These efforts reflect an understanding that we mustn’t only fish and farm according to agroecological principles, we must also sell and distribute agroecologically, in order to move beyond ecological certification schemes that can be coopted by large corporate producers and distributors who profit by turning ecological food into exclusive elite food, without creating benefits the food producers.

In order to strengthen this work, collaboration is needed: 1.) among small-scale fisherpeople – including the growing participation of youth and women – to defend access and control of fishing grounds and access to markets, and promote and value existing agroecological practices; 2.) between fishers and consumers to strengthen distribution channels based on trust and quality, local, seasonal and agroecological products; and 3.) between fisherpeople and peasant movements to create a dialogue of knowledge. Indeed fisheries’ movements are already taking these steps towards collaboration, asserting their collective voice and articulating real alternatives.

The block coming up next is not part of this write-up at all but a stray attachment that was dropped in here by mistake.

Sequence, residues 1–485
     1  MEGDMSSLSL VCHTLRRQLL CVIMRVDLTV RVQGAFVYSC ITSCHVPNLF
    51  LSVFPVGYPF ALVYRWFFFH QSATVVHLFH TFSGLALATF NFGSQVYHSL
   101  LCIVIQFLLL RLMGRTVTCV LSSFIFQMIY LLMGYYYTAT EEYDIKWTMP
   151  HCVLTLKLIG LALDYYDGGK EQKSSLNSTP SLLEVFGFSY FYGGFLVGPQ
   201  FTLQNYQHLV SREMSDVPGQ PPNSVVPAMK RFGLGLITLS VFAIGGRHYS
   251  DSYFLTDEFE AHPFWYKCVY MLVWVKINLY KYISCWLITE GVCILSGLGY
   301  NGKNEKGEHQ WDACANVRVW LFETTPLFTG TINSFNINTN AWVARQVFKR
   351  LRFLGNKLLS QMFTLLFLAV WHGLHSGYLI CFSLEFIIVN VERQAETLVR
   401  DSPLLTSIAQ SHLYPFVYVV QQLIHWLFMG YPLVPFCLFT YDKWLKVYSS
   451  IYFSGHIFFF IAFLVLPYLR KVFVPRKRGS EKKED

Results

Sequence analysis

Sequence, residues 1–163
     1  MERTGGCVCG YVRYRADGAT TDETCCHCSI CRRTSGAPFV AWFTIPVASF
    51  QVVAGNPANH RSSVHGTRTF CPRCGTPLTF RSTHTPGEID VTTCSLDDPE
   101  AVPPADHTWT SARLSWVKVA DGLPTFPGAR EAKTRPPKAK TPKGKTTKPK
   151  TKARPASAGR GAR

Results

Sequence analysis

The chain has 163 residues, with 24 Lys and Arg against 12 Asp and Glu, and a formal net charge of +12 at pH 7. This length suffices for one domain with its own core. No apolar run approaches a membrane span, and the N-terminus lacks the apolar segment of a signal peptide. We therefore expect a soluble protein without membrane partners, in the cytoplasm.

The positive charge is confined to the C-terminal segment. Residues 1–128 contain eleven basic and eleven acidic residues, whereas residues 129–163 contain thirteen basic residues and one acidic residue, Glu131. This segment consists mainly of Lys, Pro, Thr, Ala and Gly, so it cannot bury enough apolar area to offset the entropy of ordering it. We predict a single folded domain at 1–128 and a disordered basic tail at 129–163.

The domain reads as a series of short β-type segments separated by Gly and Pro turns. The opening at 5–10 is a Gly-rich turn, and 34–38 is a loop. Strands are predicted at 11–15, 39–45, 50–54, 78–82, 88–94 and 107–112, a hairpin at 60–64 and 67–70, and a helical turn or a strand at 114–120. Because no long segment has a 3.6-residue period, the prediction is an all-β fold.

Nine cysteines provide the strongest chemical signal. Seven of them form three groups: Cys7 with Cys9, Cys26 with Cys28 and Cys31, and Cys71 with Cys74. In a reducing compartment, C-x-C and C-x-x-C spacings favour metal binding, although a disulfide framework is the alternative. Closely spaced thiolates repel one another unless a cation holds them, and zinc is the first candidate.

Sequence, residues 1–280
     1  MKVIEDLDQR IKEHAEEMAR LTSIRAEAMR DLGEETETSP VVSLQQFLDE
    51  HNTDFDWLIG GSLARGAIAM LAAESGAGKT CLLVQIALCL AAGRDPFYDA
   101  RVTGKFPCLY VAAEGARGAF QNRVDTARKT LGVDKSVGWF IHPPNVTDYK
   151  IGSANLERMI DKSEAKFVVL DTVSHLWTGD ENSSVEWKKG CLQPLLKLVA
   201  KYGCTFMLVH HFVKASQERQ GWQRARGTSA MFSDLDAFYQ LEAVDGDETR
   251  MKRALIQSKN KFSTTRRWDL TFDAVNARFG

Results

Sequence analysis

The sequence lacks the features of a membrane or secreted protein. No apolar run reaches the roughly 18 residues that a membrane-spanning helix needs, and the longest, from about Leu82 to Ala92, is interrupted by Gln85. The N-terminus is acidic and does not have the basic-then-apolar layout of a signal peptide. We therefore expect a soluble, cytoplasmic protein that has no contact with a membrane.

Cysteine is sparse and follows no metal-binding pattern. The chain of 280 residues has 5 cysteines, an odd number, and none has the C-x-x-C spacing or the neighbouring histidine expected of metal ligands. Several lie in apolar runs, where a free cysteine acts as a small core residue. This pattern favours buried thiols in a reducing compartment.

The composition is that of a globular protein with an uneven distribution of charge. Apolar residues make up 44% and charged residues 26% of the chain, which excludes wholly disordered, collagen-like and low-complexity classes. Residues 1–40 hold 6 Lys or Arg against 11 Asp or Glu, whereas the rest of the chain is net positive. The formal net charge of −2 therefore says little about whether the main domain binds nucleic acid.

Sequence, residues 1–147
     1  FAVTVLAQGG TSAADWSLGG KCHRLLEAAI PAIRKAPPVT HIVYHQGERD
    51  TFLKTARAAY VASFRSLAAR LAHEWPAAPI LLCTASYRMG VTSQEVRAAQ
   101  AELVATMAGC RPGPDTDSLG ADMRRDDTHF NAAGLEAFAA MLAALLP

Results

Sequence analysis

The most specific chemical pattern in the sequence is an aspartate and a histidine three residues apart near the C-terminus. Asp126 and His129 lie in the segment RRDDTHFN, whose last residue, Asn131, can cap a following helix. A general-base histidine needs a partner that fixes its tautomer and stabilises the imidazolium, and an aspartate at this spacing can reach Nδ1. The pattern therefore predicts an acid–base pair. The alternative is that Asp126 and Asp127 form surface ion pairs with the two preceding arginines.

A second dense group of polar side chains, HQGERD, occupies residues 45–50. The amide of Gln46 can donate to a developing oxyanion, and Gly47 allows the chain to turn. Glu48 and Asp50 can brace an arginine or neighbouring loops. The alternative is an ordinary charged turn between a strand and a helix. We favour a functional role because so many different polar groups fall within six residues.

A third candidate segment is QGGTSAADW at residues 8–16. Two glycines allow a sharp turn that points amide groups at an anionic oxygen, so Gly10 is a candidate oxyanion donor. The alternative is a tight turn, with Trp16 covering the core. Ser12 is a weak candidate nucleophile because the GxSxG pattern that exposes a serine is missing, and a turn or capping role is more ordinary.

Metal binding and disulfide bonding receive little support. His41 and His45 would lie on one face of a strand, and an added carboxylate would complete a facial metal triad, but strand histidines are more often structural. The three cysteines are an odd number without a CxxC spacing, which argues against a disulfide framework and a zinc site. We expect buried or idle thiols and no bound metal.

Box 2

Turning the tide of the supermarket tsunami

It is easy to see the corporate takeover of our food system from the perspective of agriculture: it is visible in the expansion of large-scale monocultures, in land and water grabbing, and in the displacement of peasants and indigenous communities. But the expansion of corporate control stretches throughout global food supply chains, from large farms to supermarket shelves. Indeed, the rapid shift from fresh markets to supermarkets in the context of food distribution has equally disturbing implications as the shift from peasant to industrial farming.